Said the voice: "Why it's that Yankee officer that was with Dupont. The one old poker-back Meadey's sent ice-cream Cabott for. And now he's shut his eyes and thinks he can't be seen. My!" And then as he came out into sight -- "Good-day, Major."

  "Good-day." Colt looked up and saw the faces of two comely damsels laughing down at him from the head of a hill of sand which he had thought before ran up in one unbroken sweep to the cavern's roof. "I didn't know there was a back door to my cave."

  "Well, we call it our cave," said the darker lady, shaking her curls. "Permit me to present you to my friend Mademoiselle Kabak. I am Mademoiselle La Rueuse."

  "I make my salutation. You followed the army, I believe?"

  "When there was an army, my brave one. But we are Frenchwomen of the Empire, and adapt ourselves finely to circumstances. Behold us now as cave-dwellers."

  "I am sure you act the part charmingly."

  "Ah, monsieur! What discernment. Once I was on the stage in Paris, and I left it because they said I could neither act nor kick. You say I can act, Monsieur the Major; presently you shall see my high kick, and I will convince you there also."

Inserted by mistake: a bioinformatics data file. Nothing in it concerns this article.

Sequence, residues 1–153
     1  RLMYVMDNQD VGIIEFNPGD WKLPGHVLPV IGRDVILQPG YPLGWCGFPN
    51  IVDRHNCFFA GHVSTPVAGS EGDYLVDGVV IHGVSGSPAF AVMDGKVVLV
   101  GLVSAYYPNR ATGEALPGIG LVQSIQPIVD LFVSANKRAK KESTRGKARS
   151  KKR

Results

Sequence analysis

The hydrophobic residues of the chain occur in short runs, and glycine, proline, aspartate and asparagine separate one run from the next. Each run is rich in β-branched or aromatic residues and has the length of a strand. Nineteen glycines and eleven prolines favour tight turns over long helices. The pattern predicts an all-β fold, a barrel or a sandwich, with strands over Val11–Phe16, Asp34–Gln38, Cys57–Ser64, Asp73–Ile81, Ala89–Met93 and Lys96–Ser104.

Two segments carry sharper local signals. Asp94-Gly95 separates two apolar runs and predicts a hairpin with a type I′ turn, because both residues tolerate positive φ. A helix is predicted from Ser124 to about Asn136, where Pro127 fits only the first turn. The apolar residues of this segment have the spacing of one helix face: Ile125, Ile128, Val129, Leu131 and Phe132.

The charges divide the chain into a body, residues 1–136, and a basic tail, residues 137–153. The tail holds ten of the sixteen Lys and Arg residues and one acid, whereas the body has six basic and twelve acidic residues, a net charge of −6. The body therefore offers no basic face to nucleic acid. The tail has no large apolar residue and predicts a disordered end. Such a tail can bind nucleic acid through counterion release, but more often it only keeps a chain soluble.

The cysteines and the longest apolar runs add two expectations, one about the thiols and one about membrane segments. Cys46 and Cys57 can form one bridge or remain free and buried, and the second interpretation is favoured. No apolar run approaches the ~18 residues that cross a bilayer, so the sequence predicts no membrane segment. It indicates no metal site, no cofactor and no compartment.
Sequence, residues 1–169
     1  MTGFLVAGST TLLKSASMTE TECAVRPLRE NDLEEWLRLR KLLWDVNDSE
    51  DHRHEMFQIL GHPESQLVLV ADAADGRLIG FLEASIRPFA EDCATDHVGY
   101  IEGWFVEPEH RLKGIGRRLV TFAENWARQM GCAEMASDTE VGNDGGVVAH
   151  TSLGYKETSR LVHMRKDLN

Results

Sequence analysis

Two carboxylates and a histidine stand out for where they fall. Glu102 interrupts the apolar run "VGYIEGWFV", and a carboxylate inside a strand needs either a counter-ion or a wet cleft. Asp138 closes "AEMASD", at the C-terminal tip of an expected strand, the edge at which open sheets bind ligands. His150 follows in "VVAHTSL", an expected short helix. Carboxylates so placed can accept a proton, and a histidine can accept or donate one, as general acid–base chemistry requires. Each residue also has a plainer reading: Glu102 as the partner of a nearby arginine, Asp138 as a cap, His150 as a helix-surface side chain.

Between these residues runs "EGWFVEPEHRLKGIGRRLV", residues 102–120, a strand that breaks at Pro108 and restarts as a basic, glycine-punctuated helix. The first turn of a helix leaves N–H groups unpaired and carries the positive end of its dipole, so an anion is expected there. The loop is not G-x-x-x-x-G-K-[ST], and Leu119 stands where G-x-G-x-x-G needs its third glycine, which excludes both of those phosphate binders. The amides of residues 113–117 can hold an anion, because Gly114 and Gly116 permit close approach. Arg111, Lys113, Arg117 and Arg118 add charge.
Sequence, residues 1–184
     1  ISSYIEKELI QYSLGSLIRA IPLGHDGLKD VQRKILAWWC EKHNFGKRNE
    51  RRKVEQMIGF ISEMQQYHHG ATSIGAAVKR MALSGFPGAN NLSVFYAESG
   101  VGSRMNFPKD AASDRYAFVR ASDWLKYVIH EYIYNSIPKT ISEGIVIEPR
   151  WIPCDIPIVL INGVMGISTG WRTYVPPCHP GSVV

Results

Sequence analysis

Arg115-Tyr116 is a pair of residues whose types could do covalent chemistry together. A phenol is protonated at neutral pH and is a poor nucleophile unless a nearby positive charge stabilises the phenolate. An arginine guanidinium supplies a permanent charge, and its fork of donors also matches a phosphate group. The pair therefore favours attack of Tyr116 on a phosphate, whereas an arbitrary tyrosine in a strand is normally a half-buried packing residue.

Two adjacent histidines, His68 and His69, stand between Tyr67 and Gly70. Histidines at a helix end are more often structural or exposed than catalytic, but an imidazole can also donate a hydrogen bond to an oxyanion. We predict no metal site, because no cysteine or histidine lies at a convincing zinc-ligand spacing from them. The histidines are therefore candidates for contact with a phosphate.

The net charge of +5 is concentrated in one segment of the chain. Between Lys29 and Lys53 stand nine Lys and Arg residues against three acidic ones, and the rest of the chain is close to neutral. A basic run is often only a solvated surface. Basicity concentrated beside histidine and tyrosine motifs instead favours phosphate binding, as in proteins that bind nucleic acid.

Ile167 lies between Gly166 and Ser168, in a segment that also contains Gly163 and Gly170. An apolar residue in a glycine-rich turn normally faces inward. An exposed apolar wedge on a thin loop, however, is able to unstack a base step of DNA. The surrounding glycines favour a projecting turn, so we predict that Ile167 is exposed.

"Yes," said Colt drily, "we'll get on to that later. But just now I want your kind assistance in another direction. I want a boat. To build a boat I must have an axe. Can you find one, or beg or steal an axe?"

  "Is this boat for yourself?" inquired the dark-haired Mademoiselle La Rueuse, pushing away the sand, and coming into fuller view.

  "Sure!"

  "Because you talked to that blue-nosed old Sergeant of a partnership. You said the Emperor had appointed you as one of his Escape Agents, and that stuck-up chit, Clarice de la Plage, was the other."

  "Miss de la Plage is the other Escape Agent, and I want to tell you right here that she is neither stuck-up nor a chit -- whatever that may be. She is a very high-toned young lady, and, as far as an engaged man may, I admire her exceedingly."

  "Ah, you're engaged to Clarice, are you?"

  "I am not," snapped Colt. "I am engaged to a lady in Boston, America, who finds employment there as a schoolmarm, and is a very different sort of young person."

  "And Boston must be so very far away for an ardent soldier's sweetheart. Well, we all must find our consolations."

  "Madam," said Colt savagely, "I could swear right here, but I wouldn't like you to hear me. If I thought you actress enough to play another part, I'd ask you to talk about something else."

  The other woman, a stout placid blond, here joined in. "Oh, stow it, you two, or, as sure as my name's Kabak, I'll begin using language myself next, and you know what that means. Now, Major, you want to pay your footing, don't you? Yes? Well, hand up that lobster."

  "Catch!"

  "Good. You are hereby enrolled as a Free Miserable of Cabrera, with authority to go starving as long as you can stand it, and full leave to forage at all times and get nothing for your pains. I don't suppose they'll give you a ration, and if they do, the rations are not worth the having."

  "But if you please, mademoiselle."

  "Don't call me mademoiselle. I am just Kabak."

  "Right. What I want, Kabak is that axe."